Gold nanocluster catalysts split oxygen molecules - but cluster size is crucial
A new gold catalyst developed by UK chemists can catalyse hydrocarbon oxidation, using O2 as the only oxidant. But catalyst particle size is critical - above 2nm diameter, the catalyst loses all activity.
The catalyst was developed by Richard Lambert and colleagues at the University of Cambridge, who used styrene oxidation as a test reaction. The team found that the reaction didn’t require any additional oxidants such as peroxides. Oxygen molecules adsorbed to the gold particles, and then dissociated to give single oxygen atoms that initiated the styrene oxidation. ’Styrene is a very good test molecule which can be handled easily,’ says Marc Armbr?ster, who also works at the University of Cambridge and collaborates with the group. Oxygenated hydrocarbons are also valuable intermediates for industry.
’The prospect of selective oxidation using molecular oxygen without the addition of additives over a new catalyst is exciting,’ comments Jeroen van Bokhoven, from the Institute for Chemical and Bioengineering at ETH Zurich, Switzerland. ’There seems to be space for trying the catalyst out on more systems and for improving the selectivity,’ van Bokhoven adds.
The catalyst consists of 55-atom gold clusters, which form nanometre-sized particles on inert supports. The Au55 particles are so-called ’magic number’ clusters that contain exactly the right number of atoms for very stable geometries, making them ideally suited to catalysis.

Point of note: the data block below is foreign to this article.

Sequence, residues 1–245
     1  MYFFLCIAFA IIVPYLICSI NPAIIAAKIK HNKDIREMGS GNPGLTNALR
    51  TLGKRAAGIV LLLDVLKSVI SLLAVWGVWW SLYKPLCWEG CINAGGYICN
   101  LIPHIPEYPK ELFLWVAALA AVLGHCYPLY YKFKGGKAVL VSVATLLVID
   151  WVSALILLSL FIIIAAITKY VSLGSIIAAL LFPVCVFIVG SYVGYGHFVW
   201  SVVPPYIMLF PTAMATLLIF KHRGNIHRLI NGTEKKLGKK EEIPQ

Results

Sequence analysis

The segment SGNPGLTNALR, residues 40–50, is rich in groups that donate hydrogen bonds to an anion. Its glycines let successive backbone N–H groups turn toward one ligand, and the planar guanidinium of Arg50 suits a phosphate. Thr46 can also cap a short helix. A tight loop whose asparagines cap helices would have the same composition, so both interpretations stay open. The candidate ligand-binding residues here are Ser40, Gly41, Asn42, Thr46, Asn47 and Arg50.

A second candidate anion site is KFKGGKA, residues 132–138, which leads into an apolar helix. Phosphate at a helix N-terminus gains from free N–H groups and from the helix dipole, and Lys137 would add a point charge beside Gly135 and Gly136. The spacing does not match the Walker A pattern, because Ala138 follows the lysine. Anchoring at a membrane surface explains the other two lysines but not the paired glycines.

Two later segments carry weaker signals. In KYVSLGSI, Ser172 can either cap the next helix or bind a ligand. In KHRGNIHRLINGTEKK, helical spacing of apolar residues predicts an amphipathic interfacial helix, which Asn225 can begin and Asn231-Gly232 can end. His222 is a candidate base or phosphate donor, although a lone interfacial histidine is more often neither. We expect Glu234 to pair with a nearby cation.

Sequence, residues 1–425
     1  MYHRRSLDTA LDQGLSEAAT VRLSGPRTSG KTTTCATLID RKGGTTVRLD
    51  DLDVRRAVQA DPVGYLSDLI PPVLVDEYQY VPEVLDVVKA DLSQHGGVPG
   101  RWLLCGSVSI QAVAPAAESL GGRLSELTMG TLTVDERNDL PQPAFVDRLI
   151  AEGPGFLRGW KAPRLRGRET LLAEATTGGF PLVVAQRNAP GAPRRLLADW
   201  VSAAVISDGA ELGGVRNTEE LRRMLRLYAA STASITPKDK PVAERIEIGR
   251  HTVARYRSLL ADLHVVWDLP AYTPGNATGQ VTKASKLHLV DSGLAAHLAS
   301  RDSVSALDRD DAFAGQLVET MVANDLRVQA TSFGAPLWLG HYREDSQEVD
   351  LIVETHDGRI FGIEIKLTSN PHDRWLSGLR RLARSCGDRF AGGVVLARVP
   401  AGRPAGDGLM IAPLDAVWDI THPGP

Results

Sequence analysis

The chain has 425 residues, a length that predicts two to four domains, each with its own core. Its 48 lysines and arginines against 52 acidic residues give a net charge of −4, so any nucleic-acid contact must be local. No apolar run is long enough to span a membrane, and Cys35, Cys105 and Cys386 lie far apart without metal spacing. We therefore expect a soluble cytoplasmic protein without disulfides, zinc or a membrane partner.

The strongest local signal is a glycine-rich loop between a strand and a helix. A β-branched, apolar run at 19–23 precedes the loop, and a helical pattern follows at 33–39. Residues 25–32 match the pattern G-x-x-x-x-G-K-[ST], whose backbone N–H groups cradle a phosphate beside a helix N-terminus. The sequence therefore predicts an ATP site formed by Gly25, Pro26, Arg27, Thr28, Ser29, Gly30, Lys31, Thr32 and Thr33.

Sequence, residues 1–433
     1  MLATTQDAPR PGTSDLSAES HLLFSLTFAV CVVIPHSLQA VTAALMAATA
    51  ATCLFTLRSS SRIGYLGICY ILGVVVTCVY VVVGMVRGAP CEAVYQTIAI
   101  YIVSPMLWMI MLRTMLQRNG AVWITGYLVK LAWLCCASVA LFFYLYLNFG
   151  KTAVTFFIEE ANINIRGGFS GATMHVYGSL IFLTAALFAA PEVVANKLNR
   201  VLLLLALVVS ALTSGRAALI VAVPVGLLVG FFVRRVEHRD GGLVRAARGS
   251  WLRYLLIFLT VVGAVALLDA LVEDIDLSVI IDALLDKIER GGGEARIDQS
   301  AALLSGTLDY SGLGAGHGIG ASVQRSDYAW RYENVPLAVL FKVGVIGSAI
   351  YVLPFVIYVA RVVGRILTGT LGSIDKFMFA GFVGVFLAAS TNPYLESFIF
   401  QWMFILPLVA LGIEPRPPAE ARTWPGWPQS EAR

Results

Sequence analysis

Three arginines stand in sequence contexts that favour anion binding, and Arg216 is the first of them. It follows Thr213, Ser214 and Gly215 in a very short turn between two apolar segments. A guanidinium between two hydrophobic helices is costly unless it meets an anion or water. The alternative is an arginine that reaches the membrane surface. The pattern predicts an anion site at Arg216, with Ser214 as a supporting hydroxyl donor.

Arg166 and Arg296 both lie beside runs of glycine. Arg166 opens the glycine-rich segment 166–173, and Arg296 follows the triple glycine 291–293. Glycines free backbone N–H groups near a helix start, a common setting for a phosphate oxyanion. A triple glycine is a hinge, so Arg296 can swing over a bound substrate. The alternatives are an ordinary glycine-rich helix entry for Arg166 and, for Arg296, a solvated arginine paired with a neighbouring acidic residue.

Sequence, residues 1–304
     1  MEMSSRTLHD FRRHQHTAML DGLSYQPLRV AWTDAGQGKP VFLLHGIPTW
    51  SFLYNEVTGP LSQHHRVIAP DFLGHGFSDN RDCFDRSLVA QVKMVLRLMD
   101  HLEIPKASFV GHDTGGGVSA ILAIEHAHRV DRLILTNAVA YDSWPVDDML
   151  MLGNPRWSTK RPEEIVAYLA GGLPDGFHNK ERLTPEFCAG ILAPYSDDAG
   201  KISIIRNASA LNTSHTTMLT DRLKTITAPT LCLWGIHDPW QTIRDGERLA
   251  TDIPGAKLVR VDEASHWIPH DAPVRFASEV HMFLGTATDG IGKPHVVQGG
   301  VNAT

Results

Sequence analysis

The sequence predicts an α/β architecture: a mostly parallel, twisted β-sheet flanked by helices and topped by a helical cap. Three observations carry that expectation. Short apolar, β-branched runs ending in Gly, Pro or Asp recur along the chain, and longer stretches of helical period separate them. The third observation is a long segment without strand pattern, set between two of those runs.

However, the particle size of the catalyst is critical. While 1.4nm diameter particles were effective and robust catalysts, particles 2nm or larger have no catalytic activity. The researchers used x-ray photoelectron spectroscopy to show that the nano-clusters have a different electronic structure to bulk gold. ’As the particles become smaller, their electronic structure changes significantly,’ explains Armbr?ster. The organic reactant only weakly adsorbs to the catalyst, so that its electronic structure is not perturbed.
’We don’t know exactly how the catalyst works but we really want to understand what is going on,’ says Armbr?ster. ’We think that quantum chemistry might be the easiest way to find out what is happening,’ he adds. ’We also need to do further lab work, for example to discover the catalyst’s lifetime and to establish the influence of different loadings of the catalyst.’
The research team hopes that its gold clusters will provide a route to the synthesis of robust gold catalysts with practical applications for synthetic chemistry. ’We are quite some way off an industrial catalyst, but we see no barrier to gold clusters as an eventual route to gold catalysts of real industrial relevance,’ says Mark Turner, who worked with Lambert on the project. ’What’s more, they offer the opportunity of carrying out industrially important epoxidation reactions with true atom economy - using only oxygen.’
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Nature454, 981 (DOI:10.1038/nature07194)
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